1. So true! Ask the Missouri Republicans how happy they were that Democrats crossed over and voted for Todd Akin. (Hint: Missouri’s senator is Claire McCaskill.)

  3. Since when has PA become a hotbed of extreme nominees? Sure, the occasional Daylin Leach or Daryl Metcalfe slips in, on the left or right, respectively. But generally PA is the land of the say little and do even less of substance nominee. Given the weight the authors have placed on this extremist takeover, they should have at least cited some examples.

    And even if opened or closed leads to a certain kind of nominee, so what? The goal should be wider access, not each of us projecting which system gives us the outcome we want, then backing into an argument supporting that. Oppose or support one system or the other on the issue of enfranchisement, not on which gets your nominee the edge.

    Nevertheless, voter participation would skyrocket if we were all allowed to participate in what is most often (except at the statewide level) the decisive election. And so would our overall feeling of enfranchisement. When I was registered indie, I voted in most Generals. Only. Now that I am a Dem, I vote in most Primaries and Generals. It is not at all a logical conclusion that I suddenly became twice as motivated now, or that I was twice as lazy before. Far more believable is that I wanted to participate but could not, so was forced to join a party to do so.

    Bravo Senator Scarnati, and it has been quite a while since I’ve said that.

    1. Well said. I agreed with this article until I saw the “extremes of the parties” argument. It makes no sense to me. If anything, closed primaries ensure that centrist, establishment candidates rise to the top. The extremes of both parties more than likely aren’t party insiders and maybe aren’t registered with a party.

  4. If you want to vote in the Primary Election, you must have the guts to declare as a voter for one of the major parties. As it should be.

    1. Agreed. Besides, those registered “independents” made their choice to disenfranchise themselves.

  5. David Diano, the problem is not open primaries or closed primaries. The problem is taxpayer funded primaries. Why should my taxes pay to subsidize political party nominating processes? Let’s eliminate primaries. Parties can use caucuses, conventions, rabbits out of hats. Any party that got 3 percent in the most recent relevant portion of our four-year cycle gets to put its nominees on the ballot. We have one election a year, in November, with a runoff proviso when the margin of victory is less than 3 percent (or 5, or any reasonable number). Parties proliferate. Voters participate. Government saves election-costs money. “But, oh dear! Under that system, we could elect a Donald Trump!” Oops. We already did, and government continues to function in its usual fumbling fashion. Eliminating primaries energizes the electorate, giving us better-staffed government.

    1. Why should my taxes pay for your roads? We have lots of programs funded by taxpayers who don’t reap the benefits. If you want to reap the benefits, register to one of the two major parties and enfranchise yourself.

  6. I agree with David Diano on this one.

    As a partisan Democrat I always wonder when Republican legislatures won’t back bills for really fair voting districts and try to introduce measures to allow votes to cross over in close elections where they must protect local or state seats.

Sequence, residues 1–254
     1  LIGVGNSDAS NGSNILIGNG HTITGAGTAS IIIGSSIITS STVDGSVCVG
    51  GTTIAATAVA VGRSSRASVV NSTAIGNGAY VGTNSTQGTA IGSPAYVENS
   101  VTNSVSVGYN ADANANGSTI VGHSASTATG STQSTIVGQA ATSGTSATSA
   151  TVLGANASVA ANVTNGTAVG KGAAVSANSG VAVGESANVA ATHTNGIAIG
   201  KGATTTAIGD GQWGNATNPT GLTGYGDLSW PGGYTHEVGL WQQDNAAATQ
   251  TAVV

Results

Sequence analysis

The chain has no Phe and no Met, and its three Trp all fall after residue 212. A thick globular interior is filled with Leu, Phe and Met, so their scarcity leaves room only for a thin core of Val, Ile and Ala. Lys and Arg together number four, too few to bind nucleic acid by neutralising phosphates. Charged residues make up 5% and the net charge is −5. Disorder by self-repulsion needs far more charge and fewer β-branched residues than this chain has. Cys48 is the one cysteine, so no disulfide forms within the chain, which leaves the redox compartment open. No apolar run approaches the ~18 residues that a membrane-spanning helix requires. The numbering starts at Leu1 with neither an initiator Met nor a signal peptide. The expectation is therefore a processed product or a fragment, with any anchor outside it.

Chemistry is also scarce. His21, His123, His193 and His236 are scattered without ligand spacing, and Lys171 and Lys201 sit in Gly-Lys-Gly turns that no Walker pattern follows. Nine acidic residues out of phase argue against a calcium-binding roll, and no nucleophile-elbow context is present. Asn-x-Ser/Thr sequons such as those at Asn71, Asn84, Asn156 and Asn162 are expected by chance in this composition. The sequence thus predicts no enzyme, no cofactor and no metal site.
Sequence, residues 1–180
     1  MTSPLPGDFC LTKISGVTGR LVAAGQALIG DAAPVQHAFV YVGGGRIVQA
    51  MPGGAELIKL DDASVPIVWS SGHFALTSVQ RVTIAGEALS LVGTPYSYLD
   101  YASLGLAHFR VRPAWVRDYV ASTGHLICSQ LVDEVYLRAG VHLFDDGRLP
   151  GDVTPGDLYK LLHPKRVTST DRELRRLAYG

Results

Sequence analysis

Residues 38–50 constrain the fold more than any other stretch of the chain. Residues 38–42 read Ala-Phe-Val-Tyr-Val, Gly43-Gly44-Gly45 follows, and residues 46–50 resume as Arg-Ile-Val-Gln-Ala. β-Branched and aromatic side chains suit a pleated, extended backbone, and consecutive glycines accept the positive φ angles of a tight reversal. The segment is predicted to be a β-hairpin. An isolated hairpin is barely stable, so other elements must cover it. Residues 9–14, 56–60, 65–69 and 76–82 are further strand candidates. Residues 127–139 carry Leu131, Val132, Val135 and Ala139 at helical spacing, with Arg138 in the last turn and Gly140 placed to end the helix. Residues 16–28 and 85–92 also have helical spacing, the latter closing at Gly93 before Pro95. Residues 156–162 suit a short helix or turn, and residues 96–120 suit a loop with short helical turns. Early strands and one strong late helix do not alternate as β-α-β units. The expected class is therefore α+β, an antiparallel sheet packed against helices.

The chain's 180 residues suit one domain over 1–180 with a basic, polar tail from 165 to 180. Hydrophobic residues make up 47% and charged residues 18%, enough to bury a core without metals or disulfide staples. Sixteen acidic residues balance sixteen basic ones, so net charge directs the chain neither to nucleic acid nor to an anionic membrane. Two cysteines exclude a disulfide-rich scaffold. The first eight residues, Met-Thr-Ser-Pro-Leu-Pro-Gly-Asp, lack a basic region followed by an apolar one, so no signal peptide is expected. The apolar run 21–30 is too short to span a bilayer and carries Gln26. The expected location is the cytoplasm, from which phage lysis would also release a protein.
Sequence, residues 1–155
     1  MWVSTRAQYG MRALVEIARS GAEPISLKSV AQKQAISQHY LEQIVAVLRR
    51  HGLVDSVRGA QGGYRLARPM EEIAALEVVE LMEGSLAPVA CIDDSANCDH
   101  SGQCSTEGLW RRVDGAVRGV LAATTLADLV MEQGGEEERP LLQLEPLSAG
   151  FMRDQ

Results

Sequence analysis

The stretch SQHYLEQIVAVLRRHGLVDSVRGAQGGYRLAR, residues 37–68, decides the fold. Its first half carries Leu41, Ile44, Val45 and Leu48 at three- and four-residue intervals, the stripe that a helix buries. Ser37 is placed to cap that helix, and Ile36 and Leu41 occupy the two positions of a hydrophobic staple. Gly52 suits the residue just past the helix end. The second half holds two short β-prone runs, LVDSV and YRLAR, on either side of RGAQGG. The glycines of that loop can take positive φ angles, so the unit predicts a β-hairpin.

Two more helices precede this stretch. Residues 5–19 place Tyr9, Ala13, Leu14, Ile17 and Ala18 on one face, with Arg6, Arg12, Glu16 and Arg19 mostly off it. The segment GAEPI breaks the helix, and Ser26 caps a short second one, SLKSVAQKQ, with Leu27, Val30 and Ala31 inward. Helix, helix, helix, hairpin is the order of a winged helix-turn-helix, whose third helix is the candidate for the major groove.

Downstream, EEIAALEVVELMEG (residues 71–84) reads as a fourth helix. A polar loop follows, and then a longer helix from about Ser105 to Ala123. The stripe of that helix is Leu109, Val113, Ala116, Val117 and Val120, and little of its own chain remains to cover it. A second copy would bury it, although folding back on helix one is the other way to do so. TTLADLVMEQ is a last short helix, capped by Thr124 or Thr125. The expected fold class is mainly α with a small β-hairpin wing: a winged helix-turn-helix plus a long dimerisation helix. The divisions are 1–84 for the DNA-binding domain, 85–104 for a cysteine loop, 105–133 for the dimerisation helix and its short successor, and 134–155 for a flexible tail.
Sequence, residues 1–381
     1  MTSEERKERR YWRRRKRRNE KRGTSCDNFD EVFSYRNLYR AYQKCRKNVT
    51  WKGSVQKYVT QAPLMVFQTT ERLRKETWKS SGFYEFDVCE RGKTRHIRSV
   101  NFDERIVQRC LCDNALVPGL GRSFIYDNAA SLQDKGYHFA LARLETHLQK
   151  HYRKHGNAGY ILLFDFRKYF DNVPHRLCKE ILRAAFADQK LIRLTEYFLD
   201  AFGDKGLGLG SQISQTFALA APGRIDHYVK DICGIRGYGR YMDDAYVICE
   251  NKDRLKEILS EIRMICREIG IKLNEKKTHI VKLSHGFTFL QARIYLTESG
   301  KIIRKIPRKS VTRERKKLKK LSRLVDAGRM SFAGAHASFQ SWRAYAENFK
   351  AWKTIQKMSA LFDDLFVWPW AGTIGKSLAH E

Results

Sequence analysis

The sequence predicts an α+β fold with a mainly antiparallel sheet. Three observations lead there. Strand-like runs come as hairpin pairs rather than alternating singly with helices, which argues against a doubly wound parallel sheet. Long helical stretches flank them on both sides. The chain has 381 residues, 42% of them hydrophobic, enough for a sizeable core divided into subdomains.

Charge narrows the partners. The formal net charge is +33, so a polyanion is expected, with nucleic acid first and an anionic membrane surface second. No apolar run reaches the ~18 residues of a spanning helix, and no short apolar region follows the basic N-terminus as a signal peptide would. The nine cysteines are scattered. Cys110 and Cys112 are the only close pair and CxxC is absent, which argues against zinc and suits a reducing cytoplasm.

Maybe, they are afraid of voters changing over and staying there especially when they put up candidates like Wagner and have the present dizzy leadership in the State House and Senate. These guys proposing election rule changes are disingenuous.

    1. @BradKirch: Spoken like a true Socialist Democrat! Keep the Pennsylvania Primaries just the way they are! I don’t want you to have the ability to vote for a Republican in a Primary and you certainly don’t want me voting for a Democrat! As for “fair” voting districts? Think back to 2000 when Democrats REALLY screwed up what was then the 8th District! Sorry amigo, no sale!

  7. There is no evidence that in Pennsylvania we nominate extreme candidates in primaries. None.

  8. Please learn math or English before writing your drivel posing as analysis.

    “Closed primaries effectively disenfranchise a majority of voters. Indeed, some 1.2 million registered Pennsylvanians are completely shut out of the process.”

    The 3rd party voters represent only 13% of the registered voters in PA. They are not close to a majority of the voters. Nor, are they disenfranchised, because they can change their party registration up to a month before a primary election.

    80% of the eligible voters weren’t “voiceless”. They CHOSE not to show up and vote. They chose to be silent. Turnout in Presidential elections is over 80% among the Dem and GOP voters. 20% turnout for the recent primary is there sheer f*cking laziness and has NOTHING to do with lack of open primaries.

    Also, a lot of the 3rd party voters register not-Dem/GOP because they don’t want to get all the political junk mail or be bothered.

    Also, you are wrong about the closed primaries picking extreme left or right candidates. No one would confuse Bob Casey with a left wing radical. If your premise was true, Casey would have kicked out years ago, and Specter would never have lasted as long as he did, and Fetterman would have won the Senate primary in 2016, and Bernie would have won PA.

    On the Dem side, the primary election calculation by voters is: what candidate has the best chance at winning?

    That answer is often a moderate Dem that can win outside of Philly, with the moderate Dems, Independents and moderate Republicans.

    1. Well said. Those who choose to be “independent” choose to opt out of choosing candidates in the primary. If they are going to complain about who is chosen, they can register as a member of a party and be involved in the process.

      1. Please note that they can register as a member of a party and switch their registration back to independent as soon as the primary is over.